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4th DMZ Docs(2012)

I AM DOCU



The Shadow or Sundarbans

PARK Hwansung

  • Korea
  • 2012
  • 72min
  • HD
  • color

Synopsis

The vast coastland Sundarbans located near the border of India and Bangladesh is a delta that boasts impressive width that can be compared to the likes of the Nile and the Amazon River. Carr ying the meaning of ‘beautiful forest,’ Sundarbans is the world’s largest marine reser vation where various sea and fresh-water species, tigers, alligators and sharks co-exist. T hen from one point on, the Bengal tiger began at tacking and devouring humans. These tigers who used to avoid confrontation with humans and were worshipped have long become the subject of fear. Sundarbans as one of the most underdeveloped areas in India, villagers chose to enter the jungle in order to sur vive the harsh environment surrounding them. T hey trained ot ters to catch fish, and as these wild animals became domesticated, they lost their abilit y to live in the wild. Hunger was barely satisfied by risking their lives raiding bee nests or catching whatever fish they could. However the more serious problem following the destruction of the jungle by humans was the vicious cycle of tigers venturing into the villages and the villagers having no other choice but to kill the tigers. T he tigers and humans become both the victimizer and the victim. The Shadow of Sundarbans is an informative documentar y which presents the realistic images of conflict bet ween humans and wildlife occupying Sundarbans, a UNESCO world heritage site while bringing more depth through detailed explanation. The cameraman’s boldness is conveyed through the up - close-and-personal coverage of images ranging from a mangled man’s face and body af ter being at tacked by a tiger, a fisherman’s distressful regrets over losing his ot ter, hunters gathering honey without any protective gear to various wildlife such as cobras, tigers and alligators. T he stor y of the ot ter family brings a moving smile to the face. A nd through this all, it seems obvious in the end that there definitely needs to be an institutional device to resolve this endless conflict bet ween wildlife and humans. (JEONG Min-ah)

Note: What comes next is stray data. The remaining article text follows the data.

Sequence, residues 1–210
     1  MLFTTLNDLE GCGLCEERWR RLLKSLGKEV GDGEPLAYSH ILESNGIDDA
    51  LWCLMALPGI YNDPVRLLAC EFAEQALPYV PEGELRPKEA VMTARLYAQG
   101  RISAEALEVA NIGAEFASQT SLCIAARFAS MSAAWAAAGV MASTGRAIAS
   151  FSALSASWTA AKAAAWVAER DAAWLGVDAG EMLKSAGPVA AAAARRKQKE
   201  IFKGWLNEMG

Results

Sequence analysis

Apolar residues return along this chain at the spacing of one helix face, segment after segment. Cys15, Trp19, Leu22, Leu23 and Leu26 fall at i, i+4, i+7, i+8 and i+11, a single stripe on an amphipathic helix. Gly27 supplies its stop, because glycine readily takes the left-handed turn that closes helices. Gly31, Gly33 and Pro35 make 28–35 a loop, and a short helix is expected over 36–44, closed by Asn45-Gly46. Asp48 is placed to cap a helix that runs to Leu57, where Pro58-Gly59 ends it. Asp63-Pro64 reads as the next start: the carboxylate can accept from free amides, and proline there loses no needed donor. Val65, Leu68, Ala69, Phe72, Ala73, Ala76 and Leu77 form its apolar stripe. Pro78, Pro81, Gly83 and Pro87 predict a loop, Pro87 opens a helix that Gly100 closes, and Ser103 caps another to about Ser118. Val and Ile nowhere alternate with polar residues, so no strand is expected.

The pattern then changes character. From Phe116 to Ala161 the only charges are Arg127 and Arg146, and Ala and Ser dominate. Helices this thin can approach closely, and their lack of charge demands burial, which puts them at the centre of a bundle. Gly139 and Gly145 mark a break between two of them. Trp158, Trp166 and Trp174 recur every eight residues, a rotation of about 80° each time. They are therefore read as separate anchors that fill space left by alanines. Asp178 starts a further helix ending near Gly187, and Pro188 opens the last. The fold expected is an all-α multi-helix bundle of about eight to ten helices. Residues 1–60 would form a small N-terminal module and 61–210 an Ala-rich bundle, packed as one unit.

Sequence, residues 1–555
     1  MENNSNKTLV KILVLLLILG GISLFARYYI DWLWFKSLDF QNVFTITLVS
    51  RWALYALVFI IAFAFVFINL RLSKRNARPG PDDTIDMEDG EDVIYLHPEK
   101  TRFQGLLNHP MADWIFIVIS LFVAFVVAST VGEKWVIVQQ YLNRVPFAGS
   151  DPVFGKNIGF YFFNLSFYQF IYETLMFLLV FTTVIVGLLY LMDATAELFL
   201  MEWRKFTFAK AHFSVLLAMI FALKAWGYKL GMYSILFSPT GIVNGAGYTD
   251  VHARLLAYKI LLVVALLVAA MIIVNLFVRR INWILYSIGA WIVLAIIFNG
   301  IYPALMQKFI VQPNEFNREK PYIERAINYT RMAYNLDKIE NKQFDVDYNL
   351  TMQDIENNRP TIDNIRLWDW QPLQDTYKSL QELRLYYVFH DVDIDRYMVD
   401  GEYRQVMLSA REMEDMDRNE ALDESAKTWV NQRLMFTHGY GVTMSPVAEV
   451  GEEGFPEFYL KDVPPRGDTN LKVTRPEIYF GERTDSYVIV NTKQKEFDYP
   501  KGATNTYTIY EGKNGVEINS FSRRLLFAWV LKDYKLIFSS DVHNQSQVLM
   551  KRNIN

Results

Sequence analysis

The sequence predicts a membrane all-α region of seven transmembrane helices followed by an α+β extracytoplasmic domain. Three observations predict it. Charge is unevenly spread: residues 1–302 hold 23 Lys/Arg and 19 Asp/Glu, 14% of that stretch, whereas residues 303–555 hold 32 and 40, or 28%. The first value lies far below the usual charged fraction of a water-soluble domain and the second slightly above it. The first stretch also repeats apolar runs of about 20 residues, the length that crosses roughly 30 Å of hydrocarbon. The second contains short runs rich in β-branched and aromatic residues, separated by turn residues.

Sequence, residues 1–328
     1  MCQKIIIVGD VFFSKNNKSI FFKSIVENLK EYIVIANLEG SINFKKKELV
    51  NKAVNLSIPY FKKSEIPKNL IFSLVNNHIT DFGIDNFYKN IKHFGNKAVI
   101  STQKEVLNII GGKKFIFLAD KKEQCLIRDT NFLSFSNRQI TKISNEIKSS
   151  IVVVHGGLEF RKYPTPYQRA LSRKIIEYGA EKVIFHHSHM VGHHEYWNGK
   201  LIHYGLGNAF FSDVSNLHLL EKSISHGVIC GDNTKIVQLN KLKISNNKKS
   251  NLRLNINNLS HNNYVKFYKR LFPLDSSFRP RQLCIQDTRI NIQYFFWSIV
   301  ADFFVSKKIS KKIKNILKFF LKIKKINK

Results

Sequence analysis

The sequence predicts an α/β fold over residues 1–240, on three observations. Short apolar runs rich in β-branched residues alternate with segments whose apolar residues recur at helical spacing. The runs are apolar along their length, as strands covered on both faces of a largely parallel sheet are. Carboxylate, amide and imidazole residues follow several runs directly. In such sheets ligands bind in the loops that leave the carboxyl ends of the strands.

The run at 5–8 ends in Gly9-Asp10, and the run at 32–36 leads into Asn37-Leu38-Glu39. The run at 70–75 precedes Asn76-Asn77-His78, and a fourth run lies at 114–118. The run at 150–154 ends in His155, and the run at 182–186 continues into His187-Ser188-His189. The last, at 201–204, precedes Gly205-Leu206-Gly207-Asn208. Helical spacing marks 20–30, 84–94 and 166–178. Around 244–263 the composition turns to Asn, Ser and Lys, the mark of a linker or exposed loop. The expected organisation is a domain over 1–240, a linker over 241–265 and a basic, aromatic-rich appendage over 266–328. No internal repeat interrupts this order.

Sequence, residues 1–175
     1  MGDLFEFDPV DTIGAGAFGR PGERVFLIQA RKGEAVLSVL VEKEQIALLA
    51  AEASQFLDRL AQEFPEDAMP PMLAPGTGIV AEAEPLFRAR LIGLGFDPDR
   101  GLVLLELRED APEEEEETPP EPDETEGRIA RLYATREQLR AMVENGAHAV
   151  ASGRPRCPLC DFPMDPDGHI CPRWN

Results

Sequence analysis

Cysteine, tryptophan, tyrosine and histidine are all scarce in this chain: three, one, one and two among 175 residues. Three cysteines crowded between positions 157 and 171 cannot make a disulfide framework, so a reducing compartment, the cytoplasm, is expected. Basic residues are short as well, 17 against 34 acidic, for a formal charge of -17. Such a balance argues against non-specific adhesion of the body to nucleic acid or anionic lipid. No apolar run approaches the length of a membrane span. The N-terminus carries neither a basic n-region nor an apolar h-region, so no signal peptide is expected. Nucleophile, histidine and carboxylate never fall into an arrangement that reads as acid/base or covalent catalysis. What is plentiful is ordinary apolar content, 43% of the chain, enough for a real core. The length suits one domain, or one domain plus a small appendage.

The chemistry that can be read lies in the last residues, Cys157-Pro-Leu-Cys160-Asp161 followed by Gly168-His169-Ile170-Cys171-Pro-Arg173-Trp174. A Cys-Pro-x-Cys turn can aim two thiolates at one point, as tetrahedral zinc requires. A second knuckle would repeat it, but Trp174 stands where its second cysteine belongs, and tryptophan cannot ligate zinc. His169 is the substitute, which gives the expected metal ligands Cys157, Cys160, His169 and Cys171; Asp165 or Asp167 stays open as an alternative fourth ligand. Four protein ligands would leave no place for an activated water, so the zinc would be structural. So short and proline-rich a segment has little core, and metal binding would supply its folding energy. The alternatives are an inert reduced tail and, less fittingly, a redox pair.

The vast coastland Sundarbans located near the border of India and Bangladesh is a delta that boasts impressive width that can be compared to the likes of the Nile and the Amazon River. Carr ying the meaning of ‘beautiful forest,’ Sundarbans is the world’s largest marine reser vation where various sea and fresh-water species, tigers, alligators and sharks co-exist. T hen from one point on, the Bengal tiger began at tacking and devouring humans. These tigers who used to avoid confrontation with humans and were worshipped have long become the subject of fear. Sundarbans as one of the most underdeveloped areas in India, villagers chose to enter the jungle in order to sur vive the harsh environment surrounding them. T hey trained ot ters to catch fish, and as these wild animals became domesticated, they lost their abilit y to live in the wild. Hunger was barely satisfied by risking their lives raiding bee nests or catching whatever fish they could. However the more serious problem following the destruction of the jungle by humans was the vicious cycle of tigers venturing into the villages and the villagers having no other choice but to kill the tigers. T he tigers and humans become both the victimizer and the victim. The Shadow of Sundarbans is an informative documentar y which presents the realistic images of conflict bet ween humans and wildlife occupying Sundarbans, a UNESCO world heritage site while bringing more depth through detailed explanation. The cameraman’s boldness is conveyed through the up - close-and-personal coverage of images ranging from a mangled man’s face and body af ter being at tacked by a tiger, a fisherman’s distressful regrets over losing his ot ter, hunters gathering honey without any protective gear to various wildlife such as cobras, tigers and alligators. T he stor y of the ot ter family brings a moving smile to the face. A nd through this all, it seems obvious in the end that there definitely needs to be an institutional device to resolve this endless conflict bet ween wildlife and humans. (JEONG Min-ah)

Review

Director

  • PARK Hwansung

    Park Hwan-sung majored in biology and video production. He has focused on making environmental documentaries for more than 10 years. His works have been aired on KBS, EBS, etc. His major works include Black Kite (2004), A Baby Lemur of Madagascar (2007) and Sad Pierrot (2010). Park also made Malawi, The War for Water which won the best picture in the independent production category of the 22nd Korea PD Award. The Shadow of Sundarbans (2012) Wanderers of Kalahari, Meercat and Bushmen (2010) Malawi, War for Water (2009) The Pilgrim of Tundra, Caribou (2008) Lemurs of Madagascar (2007)Black Kite (2004)​​In the Name of the Father (2016)The Secret of Survival (2015)A Secret Desire, Lion Hunt (2013)​ 

Credit

  • Screenwriter 박환성, 박소희
  • Cinematography 박환성
  • Editor 박환성

Distributor / Sales

Distributor/Sales  블루라이노픽처스

Address  2F, 88-5 Sangsu-dong, Mapo-gu, Seoul 121-828, Korea

Tel  82 70 7098 5606

E-mail  bluerhino46@naver.com​